College project takes new direction

by Meghann Evans
Managing Editor The Stokes News

The water and sewer project for the future community college site in Stokes has taken a new direction — literally.

The county had been planning to run water and sewer lines from Danbury down Highway 89 to the Meadows site which will house the Stokes County campus of Forsyth Technical Community College. But planners discovered that would be a massive undertaking which would require closing down Highway 89 for a time, County Manager Rick Morris explained.

So on Monday night the Stokes County Board of Commissioners gave the go-ahead to try a new route. Phase I is now underway to design a system running sewer lines from Danbury to Meadows and running water lines from the Highway 8 branch that goes to Germanton. This would not require closing either of the roads. The plans would involve placing a water tower somewhere near the South Stokes Fire Department at Highway 8 and Flat Shoals Road and running water to the campus. This has the potential to pick up many residential water customers along the way, said Morris. More than the less-populated Highway 89 route.

When county staff learned that running both utilities from Danbury would not be feasible, the possibility of placing a water tower close to the college property was considered. But the lower-level area would require a taller, more expensive tower. The project running water from the South Stokes district would be less expensive, Morris said.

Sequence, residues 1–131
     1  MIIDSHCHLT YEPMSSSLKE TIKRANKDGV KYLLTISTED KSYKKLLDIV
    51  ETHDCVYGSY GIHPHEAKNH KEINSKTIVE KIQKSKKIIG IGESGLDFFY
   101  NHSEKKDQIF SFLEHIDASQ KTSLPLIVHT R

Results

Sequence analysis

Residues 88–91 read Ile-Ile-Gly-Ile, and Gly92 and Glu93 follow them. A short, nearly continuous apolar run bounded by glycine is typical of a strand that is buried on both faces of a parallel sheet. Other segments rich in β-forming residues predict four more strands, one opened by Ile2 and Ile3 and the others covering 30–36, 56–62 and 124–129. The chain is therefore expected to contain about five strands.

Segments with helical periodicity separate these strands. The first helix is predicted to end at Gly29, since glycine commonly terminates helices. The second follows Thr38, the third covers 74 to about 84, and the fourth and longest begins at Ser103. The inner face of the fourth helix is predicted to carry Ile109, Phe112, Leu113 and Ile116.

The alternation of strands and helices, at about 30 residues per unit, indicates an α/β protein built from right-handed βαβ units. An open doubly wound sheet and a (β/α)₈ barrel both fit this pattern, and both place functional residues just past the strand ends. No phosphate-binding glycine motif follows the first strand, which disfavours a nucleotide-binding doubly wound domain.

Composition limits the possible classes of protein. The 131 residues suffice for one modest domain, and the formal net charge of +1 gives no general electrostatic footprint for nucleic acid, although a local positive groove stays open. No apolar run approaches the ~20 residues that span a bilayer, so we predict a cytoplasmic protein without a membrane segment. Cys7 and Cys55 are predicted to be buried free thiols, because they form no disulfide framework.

A higher altitude and the potential for more subscribers are positives, Commissioner Leon Inman noted on Monday. He said the county would like to have both water and sewer in the Meadows area off of Dodgetown Road, not just for the community college, but for future economic development projects. As long as there was no additional cost, Inman said he was on board.

Commissioner Ronda Jones said she was glad to see the new design. “It looks like it’s really going to happen, guys,” she said, noting the many years the county has been working on the community college project.

Though the commissioners would like to extend both water and sewer services to the community college site, in the past the commissioners have discussed the possibility of not extending water service if funding was not available. But Morris said something will have to be done with the water service at the college because the current system serving the N.C. Department of Transportation and the Early College would not have the water pressure to meet fire suppression requirements.

So far the county has received a $2 million Golden LEAF Foundation grant for the multi-million dollar utilities project. The county is sending out an application this week to the Economic Development Administration, a federal agency, requesting $3 million. This required getting many letters of support from people and groups in the area. Morris informed the commissioners Monday that this was the last big grant the county needed for the water/sewer extension project.

A few of the commissioners had a meeting with Congressman Howard Coble over the weekend to discuss the community college project and let him know about the planning of the water and sewer extension.

“That was a very good meeting,” said Board Chairman Ernest Lankford.

Commissioner Inman noted that Senator Richard Burr’s office is also on board with the project.

Though no timeline is set in stone yet, Morris said the water and sewer extension project could begin in 2014.